So yes, recovery has given me an extra 20, 25 pounds or so. But in all honesty that has been the least important part (albeit one of the hardest). I have gained so, so much more. I have gained the trust of my body. I have gained pizza and ice cream (see below) and guilt free weekends and boobs (winner). I have gained trust and self compassion. I have gained a healthy body, skin, hair and nails, and an abundance of energy. I have gained knowledge about myself. I know how my body operates inside out and every thought or negative behaviour I understand (to a large extent) the real meaning behind. For example, the thought “I want to restrict my food” really means I am feeling out of control in other aspects of life. “I want to lose weight” means I don’t feel good enough and I want people to know I am not okay. A “binge” (I use the word flexibly, to mean over-eating when you’re not hungry and feeling like you can’t stop) will signify that I have unconsciously restricted during the day, or the previous day, or even had a restrictive thought such as “I should not be eating this”. Your body is clever, and despite what you may think, it is always working for you, not against you. But the most important thing recovery has given me? Connection. The more I talk to people and people talk to me about their struggles, the more I realise how messed up we think we all are. But in reality, we are not messed up – we are human and by acknowledging this common humanity, it allows us to make deeper connections without the barriers of our struggles and the shame and the guilt stuck inbetween us.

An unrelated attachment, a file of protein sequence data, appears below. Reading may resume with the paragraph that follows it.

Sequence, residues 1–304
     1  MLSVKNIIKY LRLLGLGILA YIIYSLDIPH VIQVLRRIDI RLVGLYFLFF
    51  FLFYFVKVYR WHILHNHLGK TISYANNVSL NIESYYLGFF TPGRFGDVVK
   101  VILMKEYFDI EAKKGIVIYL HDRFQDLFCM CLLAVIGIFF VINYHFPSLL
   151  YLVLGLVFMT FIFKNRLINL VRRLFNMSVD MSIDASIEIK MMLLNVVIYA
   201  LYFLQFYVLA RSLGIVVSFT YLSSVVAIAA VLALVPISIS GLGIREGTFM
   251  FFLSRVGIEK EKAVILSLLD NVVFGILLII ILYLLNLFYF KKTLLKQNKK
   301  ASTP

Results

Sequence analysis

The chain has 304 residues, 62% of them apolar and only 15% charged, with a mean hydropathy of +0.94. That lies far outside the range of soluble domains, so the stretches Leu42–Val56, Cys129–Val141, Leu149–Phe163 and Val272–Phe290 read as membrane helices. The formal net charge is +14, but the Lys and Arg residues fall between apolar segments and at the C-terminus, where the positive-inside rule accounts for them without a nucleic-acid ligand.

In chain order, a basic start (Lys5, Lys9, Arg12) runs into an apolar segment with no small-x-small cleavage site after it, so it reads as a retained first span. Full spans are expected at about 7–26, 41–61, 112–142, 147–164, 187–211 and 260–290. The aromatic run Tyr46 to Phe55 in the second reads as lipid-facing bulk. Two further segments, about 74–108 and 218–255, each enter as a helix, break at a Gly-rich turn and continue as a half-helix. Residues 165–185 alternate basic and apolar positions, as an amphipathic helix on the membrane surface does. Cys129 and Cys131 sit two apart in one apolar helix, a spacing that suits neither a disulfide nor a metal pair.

Some days are harder than others, and I accept that. Very occasionally I flirt with the idea of going back, thinking how much easier it would be to fall back into those old, familiar habits. But then I remember how much of a LIFE I now have, without 80% of it being spent on calories and food and exercise and self hate. My life is worth so much more than the number on the scale or the image I see in the mirror. And this is why I carry on – to share my story, to make a difference and to inspire others to do the same.
If you, or anyone you know, is suffering from an eating disorder or any sort of mental illness, please reach out. Talk to your doctor, your friend, your mum, even me. You will not be judged. Everyone is capable of recovery and every single person DESERVES recovery. And you were made for a much bigger purpose than this.
Lengthy rambles continue later on in the week, discussing how to love and support someone through an eating disorder.
Any questions please contact me through any social media: